What beast is this, that slouched toward Washington, DC to be born? Oh, right, it is my wriggly little “sun”. I’m a mother now, with the attendant burden of societal expectations on what a mother should be and should do. Indeed, it’s expected that I spent 24/7 doting on my newborn when he’s awake, and thinking of him when he’s sleeping. Motherhood is a title that promises blame should my wee bugger act like anything but a silent tidy toy baby.
Twenty centuries of stony sleep on this blog have been vexed awake by this son/sun.
Given those stressors, why am I wasting time rebooting my blog with new posts, or watching World War Z to inspire my zombie apocalypse short story, or looking up game guides for Don’t Starve: Shipwrecked? Why am I not at Mommy Baby-Wearing Support Groups or handweaving my son’s first blanket or harvesting organic kale and heirloom tomatoes for mushy first baby meals? Because that ain’t me. I love my son more than anything, but hey, he’ll have to accept that his mommy’s a geeky weirdo. And more likely than not, he’ll be a geeky weirdo too.
All of this is a short way of saying, I’m back so be prepared: Some revelations are at hand.
Healthy eating is a battle of willpower. Success at the Atkins or Paleo diets, or even just avoiding a helping of peanut butter pie can depend on saying ”no” and sticking to it, even against the weight (har har) of our past eating habits. Healthy eating is a lifelong commitment, requiring good decisions over many years.
It takes some serious mental gymnastics for a sweet tooth like me to choose broccoli over peanut butter pie. Logically, I would eat the green stuff because it has a lot of the good stuff (nutrients) and none of the bad stuff (sugar, fat, preservatives). Alas, my internal Spock does not always prevail, and often it takes a few seconds for the logic to win out over the caveman instinct that makes rich, sugary treats so alluring.
Healthy eating isn’t a cakewalk. Oh, wait…
What if there were some way to make dinner actively help you eat better? Could we turn plates into allies? In the future, maybe plates will detect when we have eaten too much junk food, activate legs on the underside to jog away to remove the temptation, and give our self-discipline a chance to kick in. Your dinner would literally run away from you. And if the plate of broccoli was closer than the plate of peanut butter pie, I know what I would (grudgingly) reach for.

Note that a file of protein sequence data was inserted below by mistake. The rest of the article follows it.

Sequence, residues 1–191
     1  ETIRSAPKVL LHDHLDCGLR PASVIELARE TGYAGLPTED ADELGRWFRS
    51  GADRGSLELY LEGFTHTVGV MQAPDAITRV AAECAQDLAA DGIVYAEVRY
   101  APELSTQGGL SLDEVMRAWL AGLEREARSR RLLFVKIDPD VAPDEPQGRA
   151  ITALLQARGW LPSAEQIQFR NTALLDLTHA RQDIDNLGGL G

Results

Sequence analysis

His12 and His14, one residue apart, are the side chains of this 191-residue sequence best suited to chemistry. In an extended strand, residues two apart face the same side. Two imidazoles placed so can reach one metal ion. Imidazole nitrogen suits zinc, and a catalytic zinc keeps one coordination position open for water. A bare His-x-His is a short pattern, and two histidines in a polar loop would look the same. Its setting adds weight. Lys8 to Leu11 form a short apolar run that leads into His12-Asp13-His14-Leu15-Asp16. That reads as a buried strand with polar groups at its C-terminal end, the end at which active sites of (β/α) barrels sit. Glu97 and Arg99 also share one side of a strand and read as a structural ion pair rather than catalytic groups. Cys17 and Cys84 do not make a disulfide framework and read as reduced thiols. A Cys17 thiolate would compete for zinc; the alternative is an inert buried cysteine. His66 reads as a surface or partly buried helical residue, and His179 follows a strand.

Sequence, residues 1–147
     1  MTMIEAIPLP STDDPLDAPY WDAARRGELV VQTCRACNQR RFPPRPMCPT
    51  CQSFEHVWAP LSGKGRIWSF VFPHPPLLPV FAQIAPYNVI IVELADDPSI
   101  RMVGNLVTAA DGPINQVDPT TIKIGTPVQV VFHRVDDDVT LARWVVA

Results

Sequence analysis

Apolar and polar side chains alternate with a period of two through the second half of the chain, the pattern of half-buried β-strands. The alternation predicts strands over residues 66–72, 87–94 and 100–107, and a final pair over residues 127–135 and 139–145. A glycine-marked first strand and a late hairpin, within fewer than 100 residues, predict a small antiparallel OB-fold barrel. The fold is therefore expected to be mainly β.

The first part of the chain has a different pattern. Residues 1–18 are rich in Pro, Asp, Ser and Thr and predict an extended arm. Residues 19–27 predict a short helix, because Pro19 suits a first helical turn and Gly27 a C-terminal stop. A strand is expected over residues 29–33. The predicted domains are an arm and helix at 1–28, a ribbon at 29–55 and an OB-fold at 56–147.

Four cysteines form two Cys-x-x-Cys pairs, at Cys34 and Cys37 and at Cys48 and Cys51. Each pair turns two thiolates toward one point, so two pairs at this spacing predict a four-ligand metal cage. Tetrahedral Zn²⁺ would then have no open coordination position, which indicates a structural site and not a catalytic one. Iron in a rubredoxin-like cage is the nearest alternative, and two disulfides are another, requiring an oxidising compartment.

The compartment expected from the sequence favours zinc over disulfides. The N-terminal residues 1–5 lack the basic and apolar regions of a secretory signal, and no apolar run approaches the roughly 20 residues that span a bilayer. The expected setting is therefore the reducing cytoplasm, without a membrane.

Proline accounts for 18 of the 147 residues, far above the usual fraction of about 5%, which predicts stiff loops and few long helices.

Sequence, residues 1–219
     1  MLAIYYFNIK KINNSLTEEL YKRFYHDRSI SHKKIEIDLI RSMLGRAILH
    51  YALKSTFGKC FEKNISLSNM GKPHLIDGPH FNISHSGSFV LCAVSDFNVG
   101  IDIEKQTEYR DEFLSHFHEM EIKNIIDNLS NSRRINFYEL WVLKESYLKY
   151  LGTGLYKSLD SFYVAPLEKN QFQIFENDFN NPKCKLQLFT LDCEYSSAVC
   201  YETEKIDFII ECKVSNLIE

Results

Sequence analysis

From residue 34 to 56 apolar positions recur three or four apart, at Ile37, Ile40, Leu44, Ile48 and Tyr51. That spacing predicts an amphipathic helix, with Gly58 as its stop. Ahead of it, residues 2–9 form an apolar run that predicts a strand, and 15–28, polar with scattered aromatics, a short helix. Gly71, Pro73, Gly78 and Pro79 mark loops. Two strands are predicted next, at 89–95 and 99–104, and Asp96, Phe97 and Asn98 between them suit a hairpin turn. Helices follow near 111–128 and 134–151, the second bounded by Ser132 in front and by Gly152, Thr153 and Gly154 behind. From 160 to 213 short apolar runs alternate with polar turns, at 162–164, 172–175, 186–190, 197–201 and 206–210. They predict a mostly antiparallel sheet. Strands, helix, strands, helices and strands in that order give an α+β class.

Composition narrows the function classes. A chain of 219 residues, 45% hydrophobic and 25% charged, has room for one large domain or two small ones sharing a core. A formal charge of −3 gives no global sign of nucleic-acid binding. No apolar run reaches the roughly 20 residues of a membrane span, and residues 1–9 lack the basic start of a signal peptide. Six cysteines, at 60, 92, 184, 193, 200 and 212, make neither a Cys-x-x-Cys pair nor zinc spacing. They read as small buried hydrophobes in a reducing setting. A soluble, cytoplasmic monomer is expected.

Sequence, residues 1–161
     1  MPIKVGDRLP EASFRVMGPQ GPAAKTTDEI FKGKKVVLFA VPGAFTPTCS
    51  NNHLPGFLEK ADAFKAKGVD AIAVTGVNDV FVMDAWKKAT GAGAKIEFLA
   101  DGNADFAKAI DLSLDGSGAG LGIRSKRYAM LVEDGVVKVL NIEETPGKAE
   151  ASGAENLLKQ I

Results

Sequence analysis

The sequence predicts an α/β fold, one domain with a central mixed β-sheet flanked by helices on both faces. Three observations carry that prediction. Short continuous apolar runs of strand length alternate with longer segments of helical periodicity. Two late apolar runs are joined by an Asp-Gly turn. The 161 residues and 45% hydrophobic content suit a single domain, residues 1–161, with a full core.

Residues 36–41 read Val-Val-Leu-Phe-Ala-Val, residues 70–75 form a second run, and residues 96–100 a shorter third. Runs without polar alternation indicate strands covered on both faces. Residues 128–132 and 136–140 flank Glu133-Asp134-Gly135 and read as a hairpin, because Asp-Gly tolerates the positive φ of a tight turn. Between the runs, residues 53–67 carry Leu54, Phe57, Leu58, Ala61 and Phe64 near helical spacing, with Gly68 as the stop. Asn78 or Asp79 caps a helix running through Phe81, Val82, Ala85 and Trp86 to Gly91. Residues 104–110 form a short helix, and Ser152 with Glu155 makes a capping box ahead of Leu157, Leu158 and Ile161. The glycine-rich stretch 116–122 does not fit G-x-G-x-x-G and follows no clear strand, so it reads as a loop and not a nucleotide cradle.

There’s a hodgepodge of alarms on the market, and they take a carrot or stick approach to waking up. Some aim to make mornings pleasant — for example, alarms that play your favorite radio station. Others try to make sleeping in unpleasant — like most alarms with obnoxious beeps.
One way to make either type of alarms more effective might be to verbalize the reward or risk with the voice of a loved one. Maybe in the future we won’t wake up to beeps or radio broadcasts, but to our mother’s voice reminding us to get out the door or risk getting stuck in traffic.
“Time to get dressed! And don’t wear those colorful polka dot pants. You look like a leopard who fell into a rainbow.”
The voice of a mother, father or other guardian has a stronger emotional effect on us than a dull electronic beep. We associate voices of parents with many important lessons — the value of hard work, or the importance of honesty, for example. Even a simple reminder to “Wake up, or you’ll be late for work” can bring up other wise advice that our parents taught us, which can inspire us to get up. Another benefit of a “Mom Alarm” is that it can be more convincing than a dry robotic voice. A parent’s words have authority because of their lifelong role as a mentor. We might think twice about hitting the snooze if it feels like Mom’s in the room to scold us.
Are video games in the same intellectual category as literature, films and paintings? I think so, because video games are just as much about the human experience and expressions of creativity as those other mediums. I believe the future will see the gradual social acceptance of video games as more and more of us experience the genre through smartphone and tablet apps. In preparation for that glorious time when us geeks no longer have to cower in dark basements with our consoles, here are some gaming reviews.
1. Fallout 3 by Bethesda
Fallout 3 was released in 2008 and was so popular that it set expectations for open world role-playing games like Skyrim. For me, what Fallout 3 did differently is that it made side-quests fun for their own sake. Side-quests are a common element in RPGs but are often tempting to skip because they are tedious or boring. In Fallout 3, the side-quests are actually fun because they tell a self-contained story that add to the detail of the entire open world. To finish all the side-quests can easily take over fifty hours, but they are interesting enough that you want to try them all.
2. The Stanley Parable by Galactic Cafe